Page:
As of late March, while the search for a fifth starter moves on in Arizona, not one of three appears to be fearful of failure.
"There's going to be some growing pains," said Haeger of the candidates vying for the fifth starter's job. "But whoever they go with has the capability of getting it done at the big-league level."
"The pitcher who wins it is going to do a great job," Danks added. "If something happens where he is not as good as he could or should be, I think anyone could come here and step up between myself, Charlie and Gavin."
In order to properly address the fifth-starter concerns in the present, a brief study of the troubles caused by this spot in the very recent past needs to be examined. During the 2003 season, Jerry Manuel's last year at the helm, the White Sox had a solid starting four comprised of Bartolo Colon, Mark Buehrle, Esteban Loaiza and Jon Garland.
Dan Wright made 15 starts in the fifth slot, followed by five from Josh Stewart, four from Neal Cotts and three from Mike Porzio. The quartet was less than auspicious.
But they were all Cy Young candidates compared with the 2004 struggles. Ozzie Guillen's first rotation featured Buehrle, Garland, Loaiza, Scott Schoeneweis and Wright once again at the back end.
Before the season was complete, such quality hurlers as Freddy Garcia and Jose Contreras had joined the White Sox through trades. But Felix Diaz, Jason Grilli, Arnie Munoz, Jon Rauch, Stewart, Schoeneweis and Cotts all followed Wright as fifth-starter candidates and eventual disappointments.
Some of their starts were passable, with Diaz outpitching the Cubs' Carlos Zambrano during a crosstown battle. Other starts, such as one by Munoz in Montreal, left the franchise a bit shell-shocked. Even without factoring in Schoeneweis' one forgettable trip to the mound in Kansas City as the fifth starter, this group finished with a 5-15 record and 9.08 ERA over 25 starts.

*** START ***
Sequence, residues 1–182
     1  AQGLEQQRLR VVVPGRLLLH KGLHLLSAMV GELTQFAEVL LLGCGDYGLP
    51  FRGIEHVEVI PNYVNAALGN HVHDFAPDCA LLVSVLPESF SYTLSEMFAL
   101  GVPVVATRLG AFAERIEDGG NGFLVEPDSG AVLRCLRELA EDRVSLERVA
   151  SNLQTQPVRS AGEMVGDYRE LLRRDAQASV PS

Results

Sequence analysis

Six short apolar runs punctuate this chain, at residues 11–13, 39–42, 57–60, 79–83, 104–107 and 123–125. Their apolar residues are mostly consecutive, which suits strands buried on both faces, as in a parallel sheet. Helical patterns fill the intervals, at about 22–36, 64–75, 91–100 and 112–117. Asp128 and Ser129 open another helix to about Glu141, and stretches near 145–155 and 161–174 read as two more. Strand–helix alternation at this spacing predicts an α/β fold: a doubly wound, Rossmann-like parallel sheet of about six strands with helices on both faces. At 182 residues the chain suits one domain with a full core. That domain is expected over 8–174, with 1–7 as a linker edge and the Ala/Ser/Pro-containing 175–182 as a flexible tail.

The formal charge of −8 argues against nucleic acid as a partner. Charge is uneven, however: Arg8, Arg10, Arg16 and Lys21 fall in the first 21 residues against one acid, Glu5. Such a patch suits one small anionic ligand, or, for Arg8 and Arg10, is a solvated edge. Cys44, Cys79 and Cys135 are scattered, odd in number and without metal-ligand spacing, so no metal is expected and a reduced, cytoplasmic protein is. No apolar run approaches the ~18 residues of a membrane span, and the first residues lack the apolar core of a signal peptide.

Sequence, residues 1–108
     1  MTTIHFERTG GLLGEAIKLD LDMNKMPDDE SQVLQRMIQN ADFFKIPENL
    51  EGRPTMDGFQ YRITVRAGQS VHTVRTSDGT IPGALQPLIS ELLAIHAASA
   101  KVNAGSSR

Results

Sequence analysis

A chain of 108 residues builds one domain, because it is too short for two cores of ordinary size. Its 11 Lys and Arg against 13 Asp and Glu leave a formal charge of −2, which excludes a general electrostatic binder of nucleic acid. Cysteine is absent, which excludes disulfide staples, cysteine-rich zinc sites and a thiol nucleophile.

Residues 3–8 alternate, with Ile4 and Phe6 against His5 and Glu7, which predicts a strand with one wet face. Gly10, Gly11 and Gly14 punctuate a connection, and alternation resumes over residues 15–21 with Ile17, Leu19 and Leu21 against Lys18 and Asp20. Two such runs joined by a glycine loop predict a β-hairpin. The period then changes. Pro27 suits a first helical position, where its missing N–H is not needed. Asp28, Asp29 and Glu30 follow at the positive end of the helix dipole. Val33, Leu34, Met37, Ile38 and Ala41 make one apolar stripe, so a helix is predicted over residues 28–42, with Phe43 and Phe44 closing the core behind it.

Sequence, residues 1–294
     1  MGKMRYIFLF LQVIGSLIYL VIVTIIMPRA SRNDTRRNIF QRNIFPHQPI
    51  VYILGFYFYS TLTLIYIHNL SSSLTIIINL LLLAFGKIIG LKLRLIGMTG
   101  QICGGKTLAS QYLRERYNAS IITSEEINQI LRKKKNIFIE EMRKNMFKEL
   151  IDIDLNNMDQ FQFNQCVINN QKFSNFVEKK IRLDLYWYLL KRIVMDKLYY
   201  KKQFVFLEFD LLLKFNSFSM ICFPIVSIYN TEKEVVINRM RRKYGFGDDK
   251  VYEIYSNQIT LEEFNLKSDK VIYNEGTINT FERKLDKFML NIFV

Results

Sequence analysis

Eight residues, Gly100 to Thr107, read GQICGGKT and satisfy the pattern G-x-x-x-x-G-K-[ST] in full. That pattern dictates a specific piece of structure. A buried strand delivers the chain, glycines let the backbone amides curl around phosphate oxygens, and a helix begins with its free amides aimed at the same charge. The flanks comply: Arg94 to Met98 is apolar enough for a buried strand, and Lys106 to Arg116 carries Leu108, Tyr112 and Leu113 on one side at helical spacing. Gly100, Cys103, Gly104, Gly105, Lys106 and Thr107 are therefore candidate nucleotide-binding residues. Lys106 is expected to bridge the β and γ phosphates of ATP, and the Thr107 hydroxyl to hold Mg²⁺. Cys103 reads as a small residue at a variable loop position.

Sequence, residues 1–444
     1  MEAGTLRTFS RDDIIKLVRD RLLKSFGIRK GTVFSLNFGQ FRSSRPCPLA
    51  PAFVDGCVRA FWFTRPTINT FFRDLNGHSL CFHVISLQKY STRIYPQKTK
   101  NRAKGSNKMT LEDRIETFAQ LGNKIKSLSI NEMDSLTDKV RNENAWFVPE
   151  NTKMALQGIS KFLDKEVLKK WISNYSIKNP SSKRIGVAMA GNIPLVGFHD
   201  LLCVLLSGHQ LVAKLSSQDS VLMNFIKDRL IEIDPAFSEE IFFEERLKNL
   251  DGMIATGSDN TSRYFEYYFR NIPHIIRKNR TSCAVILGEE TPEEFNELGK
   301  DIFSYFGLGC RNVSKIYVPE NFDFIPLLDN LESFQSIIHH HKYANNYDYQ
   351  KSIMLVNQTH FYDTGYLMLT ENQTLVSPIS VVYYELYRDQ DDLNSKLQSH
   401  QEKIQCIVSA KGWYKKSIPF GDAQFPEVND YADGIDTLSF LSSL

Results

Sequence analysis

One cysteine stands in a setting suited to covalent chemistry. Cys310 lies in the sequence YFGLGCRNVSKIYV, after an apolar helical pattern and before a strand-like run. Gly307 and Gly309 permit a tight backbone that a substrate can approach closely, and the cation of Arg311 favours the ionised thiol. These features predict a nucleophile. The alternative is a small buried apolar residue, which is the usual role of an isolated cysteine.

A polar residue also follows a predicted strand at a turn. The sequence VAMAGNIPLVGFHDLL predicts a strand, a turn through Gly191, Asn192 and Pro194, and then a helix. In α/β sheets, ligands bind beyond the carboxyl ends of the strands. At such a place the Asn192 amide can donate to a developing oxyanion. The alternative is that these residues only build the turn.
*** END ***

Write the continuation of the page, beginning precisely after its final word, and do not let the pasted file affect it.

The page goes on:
But the problem in 2004 centered more on the rotation's lack of stability above the fifth slot, putting even greater stress on the untested commodities at the bottom. With Contreras, Buehrle, Garland and Javier Vazquez leading the way, along with a high-powered offense back in place, the pressure doesn't seem quite as intense for Danks, Floyd or Haeger.
"I'm not saying they're any better or any worse than the guys we had in 2004, but I don't think we'll have that problem -- especially with the offense we have," said Buehrle of the vacancy. "I think they're looking for those guys to throw five, maybe six innings."
"In 2004 we didn't have anybody," Guillen added. "Right now we have too many. I keep saying, it's going to be a tough decision."
Depending on the most recent round of starts made by any or all of the prime candidates, Danks, Floyd and Haeger each has taken a respective turn as the frontrunner at No. 5. If all three fall short of their appointed goal, then other young standouts -- such as Adam Russell, Lance Broadway, Heath Phillips and Gio Gonzalez -- are waiting patiently.
What goal actually would be considered reasonable for this particular pitching responsibility? Danks provided a perfect answer for all parties involved.
"Really, I want to go out every time out and give the team a chance to win," he said. "I don't want to be thought of by my teammates, when they get to the field, as 'Oh, Danks is throwing today. Get ready for a long one.' I want to be thought of as a very capable starter.
"My dad always says statistics are for losers. I don't worry about statistics too much, obviously, because my Minor League stats are brutal. If I can work into the sixth, seventh or eighth inning and get to the bullpen with a chance to win, I think we'll do all right."
Age and lack of experience have little if anything to do with the final decision. Guillen broke camp last season with a virtually untested Boone Logan in relief and has moved Russell from prospect to roster contention for the final week of Spring Training.
Simply put, the White Sox want an aggressive hurler who will attack the strike zone and keep the team competitive every fifth day. Unlike in years past, the team appears to have plenty of options.
"These guys shooting for the fifth spot could pitch in the upper rotation on other teams," said catcher Toby Hall of the fifth starters as a group. "Instead of just putting someone in there and saying he's going to be our fifth guy, there's competition. That's a good problem to have."
"In 2004 they got pinned into a corner with the fifth starter, and that's not taking away anything from Danny Wright," Haeger added. "We have a lot of different options to go with this time around."